It goes without saying that there is some trepidation as schools come back to in-person session in the next few weeks. There’s an interesting tension that occurs as we meet present conditions. It’s clear that the pandemic is not going away any time soon, and thus we can’t collectively presume that we can simply return to life as it was before COVID-19. Sadly, this does not stop the immigrant carceral apparatus from reverting to its pre-2020 modus operandi.
The Northwest ICE Processing Center (formerly the Northwest Detention Center) in Tacoma is one recent epicenter as an ongoing COVID-19 outbreak has infected nearly 240 people, as migrant transfers to the facility have increased the site’s census since early June. During the early half of this year, the census at the NWIPC was estimated at 200 people, per a Seattle Times report from June 24. The site held up to an estimated 1,575 people during the period preceding the initiation of the pandemic.
This is perhaps a demoralizing sign that the pandemic was ironically, a way to deter ICE enforcement under the previous administration. As services reopen, sadly, so does the same trajectory with the continued “criminalization” of migration. Of the 1,000 migrants transferred to Washington State since early June, hundreds have been released and there is an estimated 530 still held at the facility according to a Seattle Times report from Aug. 21.
Even with fewer numbers, it is still disconcerting that the NWIPC is an active COVID-19 hot spot. This illustrates the larger reason as to why both the Northwest Immigrant Rights Project and the American Civil Liberties Union of Washington are suing the federal government. According to the South Seattle Emerald, one migrant, who spoke on the condition of anonymity, notes that the ability to social distance is truncated as people are placed in four-person pod cells. Likewise, there isn’t consistent use of masks among center staff, nor is there consistent following of necessary cleaning protocols. In addition, prior to transferring migrants from facilities along the U.S.-Mexico border, the federal government has lapsed in testing asymptomatic cases and has failed to provide isolation upon transfer to Tacoma.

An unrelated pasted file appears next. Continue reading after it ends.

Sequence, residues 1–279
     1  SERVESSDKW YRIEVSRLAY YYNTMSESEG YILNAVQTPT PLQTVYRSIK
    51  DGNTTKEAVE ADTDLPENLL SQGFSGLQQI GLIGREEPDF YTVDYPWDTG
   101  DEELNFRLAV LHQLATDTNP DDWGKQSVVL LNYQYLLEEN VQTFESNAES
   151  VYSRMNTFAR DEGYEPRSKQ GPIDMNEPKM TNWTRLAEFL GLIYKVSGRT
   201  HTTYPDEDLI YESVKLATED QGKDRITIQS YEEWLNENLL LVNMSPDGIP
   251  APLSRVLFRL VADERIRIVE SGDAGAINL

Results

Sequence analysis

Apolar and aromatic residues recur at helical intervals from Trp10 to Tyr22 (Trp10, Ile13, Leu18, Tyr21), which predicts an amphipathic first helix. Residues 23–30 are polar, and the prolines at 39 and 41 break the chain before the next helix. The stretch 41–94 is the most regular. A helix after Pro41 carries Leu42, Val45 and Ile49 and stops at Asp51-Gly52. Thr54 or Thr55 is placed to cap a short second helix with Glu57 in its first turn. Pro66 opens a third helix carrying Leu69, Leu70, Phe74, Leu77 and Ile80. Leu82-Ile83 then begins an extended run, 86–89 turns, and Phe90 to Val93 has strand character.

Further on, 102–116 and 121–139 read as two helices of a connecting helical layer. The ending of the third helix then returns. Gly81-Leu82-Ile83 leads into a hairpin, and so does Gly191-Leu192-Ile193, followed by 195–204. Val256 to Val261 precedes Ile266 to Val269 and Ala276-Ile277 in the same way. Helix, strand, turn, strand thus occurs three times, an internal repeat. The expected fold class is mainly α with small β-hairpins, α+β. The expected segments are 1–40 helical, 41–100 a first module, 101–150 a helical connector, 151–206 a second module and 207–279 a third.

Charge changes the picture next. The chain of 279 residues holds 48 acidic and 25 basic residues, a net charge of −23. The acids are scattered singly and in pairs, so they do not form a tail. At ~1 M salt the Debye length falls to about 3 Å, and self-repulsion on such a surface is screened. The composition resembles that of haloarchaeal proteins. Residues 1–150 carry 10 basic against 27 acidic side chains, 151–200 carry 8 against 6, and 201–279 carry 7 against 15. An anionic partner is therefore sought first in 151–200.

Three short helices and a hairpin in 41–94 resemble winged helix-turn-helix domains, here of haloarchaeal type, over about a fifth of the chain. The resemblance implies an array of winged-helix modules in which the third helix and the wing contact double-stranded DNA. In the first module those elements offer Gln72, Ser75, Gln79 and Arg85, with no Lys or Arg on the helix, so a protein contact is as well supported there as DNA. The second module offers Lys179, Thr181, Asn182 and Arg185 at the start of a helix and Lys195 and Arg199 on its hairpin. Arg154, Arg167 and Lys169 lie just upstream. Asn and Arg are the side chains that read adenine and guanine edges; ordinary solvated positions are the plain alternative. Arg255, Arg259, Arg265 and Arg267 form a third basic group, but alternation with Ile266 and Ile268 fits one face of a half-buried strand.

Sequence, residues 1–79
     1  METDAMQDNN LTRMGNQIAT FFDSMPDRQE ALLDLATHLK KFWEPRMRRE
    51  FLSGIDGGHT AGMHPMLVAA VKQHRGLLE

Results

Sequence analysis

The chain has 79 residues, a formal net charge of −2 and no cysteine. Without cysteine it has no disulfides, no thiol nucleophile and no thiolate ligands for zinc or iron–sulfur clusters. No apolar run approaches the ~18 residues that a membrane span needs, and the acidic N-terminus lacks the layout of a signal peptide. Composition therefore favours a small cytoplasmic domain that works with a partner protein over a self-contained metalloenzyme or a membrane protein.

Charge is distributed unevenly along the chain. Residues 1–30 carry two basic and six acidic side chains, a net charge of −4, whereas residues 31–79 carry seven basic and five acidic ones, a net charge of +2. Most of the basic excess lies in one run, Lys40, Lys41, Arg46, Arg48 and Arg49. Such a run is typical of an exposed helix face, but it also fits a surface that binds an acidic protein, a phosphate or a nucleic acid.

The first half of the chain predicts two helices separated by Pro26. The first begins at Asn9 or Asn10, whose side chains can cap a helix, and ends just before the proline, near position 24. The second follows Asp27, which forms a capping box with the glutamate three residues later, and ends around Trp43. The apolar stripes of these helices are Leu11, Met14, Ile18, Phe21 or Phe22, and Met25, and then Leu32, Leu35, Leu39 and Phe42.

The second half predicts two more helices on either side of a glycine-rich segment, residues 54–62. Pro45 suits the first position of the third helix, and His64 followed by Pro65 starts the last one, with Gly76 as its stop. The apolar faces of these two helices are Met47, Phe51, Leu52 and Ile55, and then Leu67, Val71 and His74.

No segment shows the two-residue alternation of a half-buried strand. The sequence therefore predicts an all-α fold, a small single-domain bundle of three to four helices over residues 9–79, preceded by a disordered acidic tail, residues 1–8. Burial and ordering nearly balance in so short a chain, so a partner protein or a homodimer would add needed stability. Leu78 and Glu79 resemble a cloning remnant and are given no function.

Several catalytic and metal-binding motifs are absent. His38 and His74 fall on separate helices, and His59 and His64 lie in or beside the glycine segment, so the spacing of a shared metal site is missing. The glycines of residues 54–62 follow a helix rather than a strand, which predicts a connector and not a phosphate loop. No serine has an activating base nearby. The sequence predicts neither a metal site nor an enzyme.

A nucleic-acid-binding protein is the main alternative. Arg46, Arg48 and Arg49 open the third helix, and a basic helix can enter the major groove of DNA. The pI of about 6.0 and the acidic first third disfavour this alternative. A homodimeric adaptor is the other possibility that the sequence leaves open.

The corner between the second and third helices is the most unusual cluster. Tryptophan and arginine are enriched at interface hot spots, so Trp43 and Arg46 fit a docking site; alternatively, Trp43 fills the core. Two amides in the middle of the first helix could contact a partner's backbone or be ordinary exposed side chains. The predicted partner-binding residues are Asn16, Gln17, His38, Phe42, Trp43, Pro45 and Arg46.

The detention center continues to operate with little regard to the safety and dignity of the people in their facilities. This includes failure to adhere to Centers for Disease Control and Prevention guidelines. It is part of a long history of abuse in which basic standards are ignored and people are commodified, as the GEO Group, the operator of the detention center, continues profiting from human misery.
As we envision and aspire toward a different reality, we must challenge the status quo. A return to a “normalcy” that exploits our communities is a “normal” not worth returning to.
Oscar Rosales grew up in the Yakima Valley and works and resides in Seattle.
Read more of the Aug. 25-31, 2021 issue.